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May 1, 2005
Randy Woods Contributing Editor
IN AN EFFORT TO SLOW DOWN trash imports, a Pennsylvania state lawmaker has introduced a bill that would freeze all landfill permitting activity in the state for at least two years. Waste industry officials say the bill would place unfair restrictions on landfill disposal markets and would increase disposal costs across the state.
State Rep. Camille George introduced the legislation (HB-326) in the Pennsylvania House in February. The bill would authorize the state Department of Environmental Protection (DEP) to impose a two-year moratorium on all applications for new landfills and incinerators, and for modifications to existing ones. After that time, if DEP determines that unused landfill capacity still exceeds six years, the moratorium would continue for a third year.
Although HB-326 does not specifically mention restrictions on interstate shipment of solid waste to Pennsylvania landfills, George has said that his bill is a way to slow down the flow of out-of-state trash. According to the Washington-based National Solid Wastes Management Association (NSWMA), Pennsylvania imports the largest amount of out-of-state waste in the country. In 2003, the state accepted more than 9.1 million tons of municipal solid waste and 1.4 million tons of other nonhazardous waste.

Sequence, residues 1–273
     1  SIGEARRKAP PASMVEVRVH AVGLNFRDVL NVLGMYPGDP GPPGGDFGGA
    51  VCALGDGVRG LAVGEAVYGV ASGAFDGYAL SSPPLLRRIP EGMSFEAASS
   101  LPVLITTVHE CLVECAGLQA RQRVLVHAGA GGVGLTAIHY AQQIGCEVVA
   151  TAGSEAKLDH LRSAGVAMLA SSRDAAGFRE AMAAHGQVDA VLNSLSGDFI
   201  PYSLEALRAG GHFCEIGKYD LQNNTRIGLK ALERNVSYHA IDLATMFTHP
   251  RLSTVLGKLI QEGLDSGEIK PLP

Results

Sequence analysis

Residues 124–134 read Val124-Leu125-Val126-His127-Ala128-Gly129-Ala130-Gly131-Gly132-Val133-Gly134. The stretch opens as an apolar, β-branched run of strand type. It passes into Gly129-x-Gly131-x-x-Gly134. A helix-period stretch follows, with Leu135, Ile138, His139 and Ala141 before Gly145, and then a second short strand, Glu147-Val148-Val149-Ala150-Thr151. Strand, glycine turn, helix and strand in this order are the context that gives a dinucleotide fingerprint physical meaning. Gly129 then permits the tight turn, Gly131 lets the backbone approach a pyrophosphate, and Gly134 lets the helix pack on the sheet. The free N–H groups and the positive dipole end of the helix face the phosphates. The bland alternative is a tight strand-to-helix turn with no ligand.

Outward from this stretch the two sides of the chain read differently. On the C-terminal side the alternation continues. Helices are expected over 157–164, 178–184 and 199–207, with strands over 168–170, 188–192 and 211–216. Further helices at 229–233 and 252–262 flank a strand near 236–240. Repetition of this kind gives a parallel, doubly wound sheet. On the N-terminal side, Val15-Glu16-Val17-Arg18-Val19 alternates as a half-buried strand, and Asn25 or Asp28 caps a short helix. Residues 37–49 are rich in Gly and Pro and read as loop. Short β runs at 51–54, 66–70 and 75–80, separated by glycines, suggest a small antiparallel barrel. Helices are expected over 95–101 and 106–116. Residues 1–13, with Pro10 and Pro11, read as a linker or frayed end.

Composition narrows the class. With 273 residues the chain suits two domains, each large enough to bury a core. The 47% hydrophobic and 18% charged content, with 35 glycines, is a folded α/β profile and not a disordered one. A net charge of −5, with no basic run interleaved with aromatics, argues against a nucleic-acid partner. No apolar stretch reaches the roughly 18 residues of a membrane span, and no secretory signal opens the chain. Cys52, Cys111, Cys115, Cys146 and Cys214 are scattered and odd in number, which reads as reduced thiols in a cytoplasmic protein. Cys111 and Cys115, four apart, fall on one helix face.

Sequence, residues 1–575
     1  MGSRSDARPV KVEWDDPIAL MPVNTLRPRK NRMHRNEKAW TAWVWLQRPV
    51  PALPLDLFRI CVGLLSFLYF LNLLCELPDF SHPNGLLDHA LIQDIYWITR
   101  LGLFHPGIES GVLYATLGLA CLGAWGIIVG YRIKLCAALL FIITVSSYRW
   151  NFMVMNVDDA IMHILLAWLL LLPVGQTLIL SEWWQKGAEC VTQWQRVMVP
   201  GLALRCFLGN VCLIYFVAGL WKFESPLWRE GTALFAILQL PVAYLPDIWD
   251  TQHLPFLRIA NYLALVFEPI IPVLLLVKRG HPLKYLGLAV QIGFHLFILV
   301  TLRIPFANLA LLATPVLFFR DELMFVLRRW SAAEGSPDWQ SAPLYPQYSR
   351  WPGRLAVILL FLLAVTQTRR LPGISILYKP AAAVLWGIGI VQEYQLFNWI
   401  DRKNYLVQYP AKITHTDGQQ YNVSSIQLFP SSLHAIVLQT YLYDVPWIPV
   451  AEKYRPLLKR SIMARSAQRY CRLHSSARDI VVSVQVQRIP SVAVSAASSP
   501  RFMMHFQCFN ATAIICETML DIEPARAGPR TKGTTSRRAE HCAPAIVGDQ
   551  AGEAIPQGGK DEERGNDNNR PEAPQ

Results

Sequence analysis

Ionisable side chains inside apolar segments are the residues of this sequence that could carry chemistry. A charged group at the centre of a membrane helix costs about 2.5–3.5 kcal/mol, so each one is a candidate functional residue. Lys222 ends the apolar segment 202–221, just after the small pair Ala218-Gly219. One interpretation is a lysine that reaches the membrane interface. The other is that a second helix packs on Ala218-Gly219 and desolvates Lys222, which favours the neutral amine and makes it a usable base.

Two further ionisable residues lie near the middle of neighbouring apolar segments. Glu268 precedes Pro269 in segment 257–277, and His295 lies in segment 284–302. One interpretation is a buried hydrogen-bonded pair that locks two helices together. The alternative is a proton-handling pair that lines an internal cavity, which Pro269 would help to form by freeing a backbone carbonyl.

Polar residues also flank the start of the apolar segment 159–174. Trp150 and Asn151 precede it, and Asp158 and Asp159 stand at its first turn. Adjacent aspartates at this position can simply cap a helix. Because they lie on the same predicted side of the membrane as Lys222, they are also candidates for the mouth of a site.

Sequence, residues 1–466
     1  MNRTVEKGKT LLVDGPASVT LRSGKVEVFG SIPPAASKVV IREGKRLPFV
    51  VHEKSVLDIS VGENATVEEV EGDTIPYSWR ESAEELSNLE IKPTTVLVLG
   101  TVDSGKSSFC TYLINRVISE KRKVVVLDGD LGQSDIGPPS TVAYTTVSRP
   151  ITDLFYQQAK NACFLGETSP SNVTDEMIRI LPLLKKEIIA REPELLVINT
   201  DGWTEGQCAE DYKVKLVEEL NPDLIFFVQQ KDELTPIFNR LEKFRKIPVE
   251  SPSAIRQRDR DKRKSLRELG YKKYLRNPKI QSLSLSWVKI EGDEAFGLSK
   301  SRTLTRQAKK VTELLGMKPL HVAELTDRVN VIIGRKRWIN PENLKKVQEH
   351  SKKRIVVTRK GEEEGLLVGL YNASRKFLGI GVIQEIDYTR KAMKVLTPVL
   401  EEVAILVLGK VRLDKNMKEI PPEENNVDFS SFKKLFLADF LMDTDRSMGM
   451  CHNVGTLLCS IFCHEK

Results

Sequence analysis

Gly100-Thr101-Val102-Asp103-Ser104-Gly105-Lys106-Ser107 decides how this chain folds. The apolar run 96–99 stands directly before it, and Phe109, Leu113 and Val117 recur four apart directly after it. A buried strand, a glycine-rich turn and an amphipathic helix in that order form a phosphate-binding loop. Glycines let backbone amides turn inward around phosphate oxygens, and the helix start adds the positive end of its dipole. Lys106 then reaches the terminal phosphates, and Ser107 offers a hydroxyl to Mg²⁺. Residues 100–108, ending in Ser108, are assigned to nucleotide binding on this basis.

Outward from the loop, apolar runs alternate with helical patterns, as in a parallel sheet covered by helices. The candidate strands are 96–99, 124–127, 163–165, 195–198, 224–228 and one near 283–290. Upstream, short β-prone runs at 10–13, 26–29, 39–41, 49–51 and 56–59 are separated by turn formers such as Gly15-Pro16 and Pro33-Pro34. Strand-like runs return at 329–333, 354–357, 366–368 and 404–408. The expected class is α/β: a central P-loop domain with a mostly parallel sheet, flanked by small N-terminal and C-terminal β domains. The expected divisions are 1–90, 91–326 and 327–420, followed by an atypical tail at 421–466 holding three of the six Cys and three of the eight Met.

Tracy Pawelski, spokeswoman for the Pennsylvania Waste Industries Association, a chapter of NSWMA, says her group opposes the bill. “We have always opposed landfill moratoriums and believe that all landfill expansion applications should be decided individually on their own merits,” she says.
HB-326 is “basically a reintroduction” of a moratorium bill that passed in the Pennsylvania House in 2002 but was defeated in the state Senate, says Matthew Maciorkoski, a spokesman for George. Current landfill capacity in the state, he says, exceeds 11 years.
Chaz Miller, state programs director for NSWMA, says the introduction of such a bill is nothing new. “We see moratorium bills like this almost every year, and each time they have failed,” he says.
John Skinner, executive director and CEO of the Solid Waste Association of North America (SWANA), Silver Spring, Md., says SWANA does not have an official position on the moratorium bill, but adds that the association supports the practice of interstate waste transport. “If this passes, it will raise prices for all Pennsylvania landfills,” he says.
At press time, the bill was under review in the House Environmental Resources and Energy Committee.
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